Eide: An agreement is closer now than it was a few months ago

Eide: An agreement is closer now than it was a few months ago

Athens, September 12, 2016/Independent Balkan News Agency

By Spiros Sideris

At a critical juncture for Cyprus, a few days before the end of the round of negotiations and pending the joint communiqué of the two sides, the Greek Foreign Minister had a meeting on Monday, September 12 at the Greek Foreign Ministry, with the Special Adviser of the Secretary of United Nations on the Cyprus issue, Mr Espen Barth Eide.

As long, substantial and excellent described the almost three-hour discussion on the developments in the Cyprus problem he had with Greek Foreign Minister Nikos Kotzias the Special Adviser of the UN Secretary Espen Barth Eide. The main topic was the status of guarantees and the role of the guarantor powers can play in reaching an agreement.

On Tuesday, Mr Eide will meet with Greek Prime Minister Alexis Tsipras.

Only Mr Eide made a statement after the meeting.

Eide: We had an excellent conversation with Foreign Minister Kotzias, my good friend and a good partner in the work that I am doing on behalf of the UN Secretary General in Cyprus. I had the pleasure of sharing with the Minister the developments that we had over the last months in the Cyprus talks which have been by far the most intense talks that we had since I started in this job a few years ago. The two leaders, President Nikos Anastasiades of the Greek-Cypriot side and the Turkish-Cypriot leader, Mr. Mustafa Akinci, see each other almost every second day and they work with dedication and a strong effort in trying to overcome the issues that are still on the table.

We have to recognize that there is still a lot of work to do. It is not a done deal which is just around the corner. But the convergences already achieved are far beyond what has ever been agreed in direct conversations between the two sides. Because, as you will know, the final version of the Annan plan was proposed by the UN. What has been very much our agreement now is that every single sentence, every word, every comma, is written by a Cypriot pen and through direct negotiations between the two sides, the Turkish-Cypriot and the Greek-Cypriot side.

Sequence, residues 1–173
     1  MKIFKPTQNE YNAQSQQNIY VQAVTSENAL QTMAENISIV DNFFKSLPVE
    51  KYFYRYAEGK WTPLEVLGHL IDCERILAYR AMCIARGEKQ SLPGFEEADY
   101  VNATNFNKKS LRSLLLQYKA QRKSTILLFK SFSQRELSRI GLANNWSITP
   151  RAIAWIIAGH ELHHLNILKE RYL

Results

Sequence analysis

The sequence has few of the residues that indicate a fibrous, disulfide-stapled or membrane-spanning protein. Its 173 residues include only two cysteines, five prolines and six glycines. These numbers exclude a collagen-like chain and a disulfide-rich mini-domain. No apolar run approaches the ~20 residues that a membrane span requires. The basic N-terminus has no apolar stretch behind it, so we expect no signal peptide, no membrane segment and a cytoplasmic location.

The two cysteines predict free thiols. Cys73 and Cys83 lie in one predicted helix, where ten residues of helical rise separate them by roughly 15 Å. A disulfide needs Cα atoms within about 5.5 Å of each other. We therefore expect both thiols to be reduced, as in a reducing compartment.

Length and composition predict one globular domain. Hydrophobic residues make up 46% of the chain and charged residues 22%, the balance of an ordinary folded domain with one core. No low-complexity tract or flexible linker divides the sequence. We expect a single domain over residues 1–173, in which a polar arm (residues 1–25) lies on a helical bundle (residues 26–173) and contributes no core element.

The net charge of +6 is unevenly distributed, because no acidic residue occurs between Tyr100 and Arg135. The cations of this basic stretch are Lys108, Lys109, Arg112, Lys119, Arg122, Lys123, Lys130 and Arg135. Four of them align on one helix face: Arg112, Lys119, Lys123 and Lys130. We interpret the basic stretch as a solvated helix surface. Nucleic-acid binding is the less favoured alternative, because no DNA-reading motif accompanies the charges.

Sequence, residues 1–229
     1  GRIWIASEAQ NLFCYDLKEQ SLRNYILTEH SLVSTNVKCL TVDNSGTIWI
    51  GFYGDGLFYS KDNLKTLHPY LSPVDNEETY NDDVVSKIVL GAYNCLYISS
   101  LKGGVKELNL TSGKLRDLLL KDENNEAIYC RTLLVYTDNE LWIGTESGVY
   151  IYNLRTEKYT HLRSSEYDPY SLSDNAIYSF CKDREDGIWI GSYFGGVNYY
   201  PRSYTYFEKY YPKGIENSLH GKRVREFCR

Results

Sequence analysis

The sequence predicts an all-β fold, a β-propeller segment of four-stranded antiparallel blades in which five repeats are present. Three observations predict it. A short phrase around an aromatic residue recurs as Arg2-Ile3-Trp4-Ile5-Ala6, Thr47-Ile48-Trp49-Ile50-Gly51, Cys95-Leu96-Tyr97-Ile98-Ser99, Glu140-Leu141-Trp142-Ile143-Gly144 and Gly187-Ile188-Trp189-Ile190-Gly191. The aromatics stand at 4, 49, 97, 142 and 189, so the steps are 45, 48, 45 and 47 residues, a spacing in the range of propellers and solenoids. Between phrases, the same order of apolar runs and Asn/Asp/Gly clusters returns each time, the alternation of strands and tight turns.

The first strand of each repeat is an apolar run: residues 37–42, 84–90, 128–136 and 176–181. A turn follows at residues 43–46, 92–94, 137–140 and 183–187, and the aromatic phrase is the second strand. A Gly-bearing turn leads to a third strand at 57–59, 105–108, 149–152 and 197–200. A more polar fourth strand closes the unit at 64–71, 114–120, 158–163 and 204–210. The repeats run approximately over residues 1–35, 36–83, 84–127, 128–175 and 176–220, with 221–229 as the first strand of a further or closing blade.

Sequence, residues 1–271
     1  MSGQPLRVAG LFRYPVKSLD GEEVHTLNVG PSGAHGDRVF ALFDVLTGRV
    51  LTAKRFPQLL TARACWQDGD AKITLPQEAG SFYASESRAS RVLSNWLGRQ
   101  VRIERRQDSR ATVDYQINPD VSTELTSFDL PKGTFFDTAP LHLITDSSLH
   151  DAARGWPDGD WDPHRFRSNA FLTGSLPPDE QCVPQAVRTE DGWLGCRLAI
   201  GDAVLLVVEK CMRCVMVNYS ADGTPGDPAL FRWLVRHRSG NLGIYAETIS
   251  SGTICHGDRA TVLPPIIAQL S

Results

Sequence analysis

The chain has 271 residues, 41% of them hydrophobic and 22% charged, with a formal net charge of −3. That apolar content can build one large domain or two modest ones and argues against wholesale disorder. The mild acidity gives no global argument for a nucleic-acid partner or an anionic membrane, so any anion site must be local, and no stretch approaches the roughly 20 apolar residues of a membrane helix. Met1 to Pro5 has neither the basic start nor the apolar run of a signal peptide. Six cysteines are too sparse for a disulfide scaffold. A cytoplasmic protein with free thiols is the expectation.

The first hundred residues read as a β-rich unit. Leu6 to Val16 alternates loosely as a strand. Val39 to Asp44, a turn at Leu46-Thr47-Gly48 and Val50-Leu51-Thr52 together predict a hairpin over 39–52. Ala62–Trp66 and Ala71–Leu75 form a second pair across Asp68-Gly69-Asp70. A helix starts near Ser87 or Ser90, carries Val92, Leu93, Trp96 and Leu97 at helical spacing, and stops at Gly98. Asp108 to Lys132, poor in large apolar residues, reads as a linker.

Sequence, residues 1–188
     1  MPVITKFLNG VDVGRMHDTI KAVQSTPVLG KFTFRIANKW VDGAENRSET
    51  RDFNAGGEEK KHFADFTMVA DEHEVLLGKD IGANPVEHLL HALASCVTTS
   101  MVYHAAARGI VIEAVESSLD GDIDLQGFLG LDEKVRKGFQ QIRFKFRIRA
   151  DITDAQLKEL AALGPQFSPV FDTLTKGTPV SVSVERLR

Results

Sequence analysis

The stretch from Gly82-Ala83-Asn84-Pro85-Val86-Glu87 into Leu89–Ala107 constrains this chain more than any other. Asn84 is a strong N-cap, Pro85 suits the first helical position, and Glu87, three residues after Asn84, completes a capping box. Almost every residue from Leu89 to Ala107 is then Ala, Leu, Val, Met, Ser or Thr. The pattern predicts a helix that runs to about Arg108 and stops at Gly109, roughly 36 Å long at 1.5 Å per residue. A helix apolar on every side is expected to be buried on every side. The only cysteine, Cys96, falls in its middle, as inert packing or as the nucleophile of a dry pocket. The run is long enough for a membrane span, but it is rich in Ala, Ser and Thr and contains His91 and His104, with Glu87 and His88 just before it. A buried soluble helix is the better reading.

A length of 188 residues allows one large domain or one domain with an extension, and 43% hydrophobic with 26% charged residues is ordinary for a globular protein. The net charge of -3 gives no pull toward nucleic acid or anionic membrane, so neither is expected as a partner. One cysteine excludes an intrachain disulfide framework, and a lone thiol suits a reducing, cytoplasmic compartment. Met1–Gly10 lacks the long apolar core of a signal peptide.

The conversations are organized into six chapters and four of them are to a large extent now done; there are a couple of important outstanding issues in these chapters, but we clearly see the contours of a settlement inside these four chapters. And we have, what is new, over the last month, the last weeks actually, we have started a direct conversation in brainstorming mode also around the issue of territorial rearrangements which has been left so far, that is now on the table, and the security arrangements that will pertain to a future united federal Cyprus. This is the reason for my meeting with FM Kotzias today and with PM Tsipras tomorrow, it is that these are issues where the guarantor powers Greece, Turkey and the UK are more directly involved.

I want to commend all the guarantor powers for having been on their own initiative very careful about not intervening in those issues which the Cypriots have to solve themselves.

But of course since there are three international treaties in power, in order to change them or abolish them or build something else we need the support and cooperation between the guarantor powers as well. So, that has been very much the essence of the conversation today with FM Kotzias, and what I want to say without being able to reveal obviously all the details: it has been a meeting of minds, we have many shared perspectives both on our talks but also on the way ahead.

And we both felt that after two and a half hours, we have a joint understanding over much of what has to be done over the coming weeks and months and I feel confident that Greece is going to play its part in creating the conditions by which this tragic 42-year-old division of Cyprus can finally be overcome.

I am not unrealistic, I know that we have work to do.

I have shared with my friends, the leaders and their negotiating teams that there are important issues to be dealt with, particularly in the area of implementation of a settlement. If there is a settlement, we need to be ready to implement it and there is a particularly long list of things that we have to do but the spirit, the commitment and the drive is clearly there. My next meeting with the two leaders will be on Wednesday morning and after that all of us will be in N.Y. And of course, NY provides an opportunity for both leaders and myself and everybody else involved in the process to have bilateral meetings with relevant players, which are important for the international dimensions and the financial dimensions of the settlement.

Q: How close to a settlement are we?

E: I do not want to give a percentage. We are much closer than we were a few months ago and there is still some way to go. I see that others are putting a certain percentage. I will refrain from that. If you look at the volume of text, there is a lot of agreement, what we call ‘black’. And the reference to black is that when the proposal is Turkish-Cypriot it is written in red, when it is Greek-Cypriot it is written in blue, so when it is black it is agreed. We have more and more black text, but of course, as always in any negotiation I have ever been involved in, or have been studying or watching, some of the most difficult issues will only be solved at the very end.

Q: Will you go to Ankara after Athens?

E: Not right now but I will meet with everyone in NY.